It's not too late to plan a surprise for your val. And if you don't have a val, don't feel sad. I don't have one too. It's my preferred choice. But if you don't have a val and don't know why or didn't make it that way. Then you should spend tonight in a prayer vigil.

So let's talk about love, today. What it means to love.


Unfortunately, you can't define love. You can only feel it. When you love someone, there's nothing they can do to make you stop loving them. One of its truest form is that feeling mothers have for their children. Even when the child sets his heart on following a path of shame and evil. The father might disown him, but never the mother. If there's only one person that visits the world's most notorious criminal in his prison cell, you can be sure it is his mother.

And that is what it means to love. If you truly love someone, you'll stand by that person through thick and thin. There will be disagreements, fights, complaints, and every other thing that plagues relationships. But you both know that in the end, you're inseparable.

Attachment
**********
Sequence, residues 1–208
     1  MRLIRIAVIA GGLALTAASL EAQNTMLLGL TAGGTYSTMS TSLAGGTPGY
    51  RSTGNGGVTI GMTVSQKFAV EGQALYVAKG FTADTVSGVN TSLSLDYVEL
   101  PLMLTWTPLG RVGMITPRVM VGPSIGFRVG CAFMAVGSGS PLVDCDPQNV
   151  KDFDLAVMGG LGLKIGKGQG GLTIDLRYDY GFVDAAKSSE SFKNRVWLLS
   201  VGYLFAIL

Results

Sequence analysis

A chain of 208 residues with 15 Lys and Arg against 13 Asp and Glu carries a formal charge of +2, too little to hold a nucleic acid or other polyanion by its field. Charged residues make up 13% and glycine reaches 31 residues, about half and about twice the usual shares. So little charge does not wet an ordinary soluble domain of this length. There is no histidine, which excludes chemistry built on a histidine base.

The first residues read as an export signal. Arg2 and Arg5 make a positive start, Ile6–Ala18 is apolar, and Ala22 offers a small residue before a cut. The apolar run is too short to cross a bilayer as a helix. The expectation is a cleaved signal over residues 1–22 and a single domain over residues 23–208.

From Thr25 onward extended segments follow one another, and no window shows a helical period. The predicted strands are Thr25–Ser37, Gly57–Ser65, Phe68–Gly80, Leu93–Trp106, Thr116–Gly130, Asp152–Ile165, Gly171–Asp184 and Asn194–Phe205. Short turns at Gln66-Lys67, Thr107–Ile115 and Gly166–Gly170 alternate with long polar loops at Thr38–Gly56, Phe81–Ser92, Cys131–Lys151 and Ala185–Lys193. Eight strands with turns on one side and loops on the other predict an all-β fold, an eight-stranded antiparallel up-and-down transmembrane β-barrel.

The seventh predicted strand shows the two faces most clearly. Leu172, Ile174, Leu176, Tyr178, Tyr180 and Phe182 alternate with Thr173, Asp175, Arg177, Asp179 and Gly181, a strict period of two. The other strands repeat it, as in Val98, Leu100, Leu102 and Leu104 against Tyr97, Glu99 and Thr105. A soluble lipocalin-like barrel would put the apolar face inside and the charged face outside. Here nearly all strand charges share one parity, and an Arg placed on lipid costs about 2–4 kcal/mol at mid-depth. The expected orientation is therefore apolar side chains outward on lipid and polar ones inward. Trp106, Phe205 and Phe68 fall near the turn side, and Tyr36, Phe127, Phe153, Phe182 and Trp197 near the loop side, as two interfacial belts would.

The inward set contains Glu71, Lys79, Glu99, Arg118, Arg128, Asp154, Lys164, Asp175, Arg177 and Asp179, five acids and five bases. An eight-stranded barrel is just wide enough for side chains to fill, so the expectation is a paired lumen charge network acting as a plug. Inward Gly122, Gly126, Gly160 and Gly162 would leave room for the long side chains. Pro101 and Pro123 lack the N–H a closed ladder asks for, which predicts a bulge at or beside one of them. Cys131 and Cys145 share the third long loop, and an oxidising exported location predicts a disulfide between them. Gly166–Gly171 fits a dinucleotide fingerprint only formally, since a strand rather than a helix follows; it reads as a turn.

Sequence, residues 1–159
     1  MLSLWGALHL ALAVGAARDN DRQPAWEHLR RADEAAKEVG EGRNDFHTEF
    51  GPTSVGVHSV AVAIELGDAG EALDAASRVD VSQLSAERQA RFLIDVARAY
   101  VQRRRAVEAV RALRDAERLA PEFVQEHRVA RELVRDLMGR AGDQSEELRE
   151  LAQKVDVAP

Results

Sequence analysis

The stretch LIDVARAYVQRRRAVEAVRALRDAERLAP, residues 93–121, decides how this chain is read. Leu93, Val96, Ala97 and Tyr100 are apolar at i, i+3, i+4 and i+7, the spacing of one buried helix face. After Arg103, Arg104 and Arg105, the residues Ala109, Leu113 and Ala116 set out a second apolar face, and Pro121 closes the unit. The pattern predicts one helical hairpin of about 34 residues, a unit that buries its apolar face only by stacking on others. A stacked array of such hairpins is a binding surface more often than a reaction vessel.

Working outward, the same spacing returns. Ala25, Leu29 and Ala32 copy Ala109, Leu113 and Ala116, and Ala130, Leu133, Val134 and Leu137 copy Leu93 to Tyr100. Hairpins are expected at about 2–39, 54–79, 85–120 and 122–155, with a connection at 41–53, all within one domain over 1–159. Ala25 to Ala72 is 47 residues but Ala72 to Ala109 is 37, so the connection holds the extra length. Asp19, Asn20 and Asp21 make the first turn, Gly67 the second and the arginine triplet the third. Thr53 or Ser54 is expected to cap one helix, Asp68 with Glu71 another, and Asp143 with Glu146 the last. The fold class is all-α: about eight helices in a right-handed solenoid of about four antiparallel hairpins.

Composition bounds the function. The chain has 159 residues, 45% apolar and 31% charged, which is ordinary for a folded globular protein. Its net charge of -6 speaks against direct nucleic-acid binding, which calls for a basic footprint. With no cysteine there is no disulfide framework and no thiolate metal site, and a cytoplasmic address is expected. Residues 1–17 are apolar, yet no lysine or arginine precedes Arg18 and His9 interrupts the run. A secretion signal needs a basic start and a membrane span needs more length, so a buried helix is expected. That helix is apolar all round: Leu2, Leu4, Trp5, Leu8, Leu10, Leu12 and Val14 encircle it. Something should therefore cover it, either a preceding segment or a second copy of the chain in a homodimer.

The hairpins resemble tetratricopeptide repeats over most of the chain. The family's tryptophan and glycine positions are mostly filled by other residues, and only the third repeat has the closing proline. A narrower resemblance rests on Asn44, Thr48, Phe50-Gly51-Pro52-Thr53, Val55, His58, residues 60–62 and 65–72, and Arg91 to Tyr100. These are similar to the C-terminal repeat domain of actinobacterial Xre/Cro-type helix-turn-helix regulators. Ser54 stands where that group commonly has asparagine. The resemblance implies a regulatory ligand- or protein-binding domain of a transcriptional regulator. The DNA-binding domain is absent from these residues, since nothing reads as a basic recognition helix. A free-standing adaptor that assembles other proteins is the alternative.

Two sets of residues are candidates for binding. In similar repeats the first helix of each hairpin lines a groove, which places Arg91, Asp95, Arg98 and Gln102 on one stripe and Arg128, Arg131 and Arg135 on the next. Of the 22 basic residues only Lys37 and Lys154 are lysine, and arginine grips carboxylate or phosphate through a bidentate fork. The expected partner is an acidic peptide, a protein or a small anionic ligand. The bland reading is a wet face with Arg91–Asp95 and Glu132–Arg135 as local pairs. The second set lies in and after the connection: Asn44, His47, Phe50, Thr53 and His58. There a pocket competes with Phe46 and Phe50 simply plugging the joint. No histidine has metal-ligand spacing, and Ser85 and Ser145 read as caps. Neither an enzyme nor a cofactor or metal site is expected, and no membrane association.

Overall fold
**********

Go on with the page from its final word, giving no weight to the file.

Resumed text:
And for most of us, this kind of love doesn't come upon us like a cupid's arrow. Or like it came upon Romeo and Juliet. We have to cultivate it. Consciously make it grow to the point where it's strong enough to outlive its objects. That's why much fewer marriages break after the 20th anniversary. 

To love is to be inseparable. It could exist between two bosom friends. A brother and a sister. A father and a son. Always a mother and her child. A boy and a girl. A man and God. A wife and her husband. 

There's no formula to it. There are no principles. There's no trying to be a better person. It's not about being tolerant or considerate. It's not about being sweet and kind. It's not about constant communication. It's beyond all these. It's simply being inseparable. No pretense. No formality. No butterflies. No shooting stars. Just that plain feeling of attachment that transcends all. 

And for most of us, it's not about finding that special someone. It's about making someone the special one.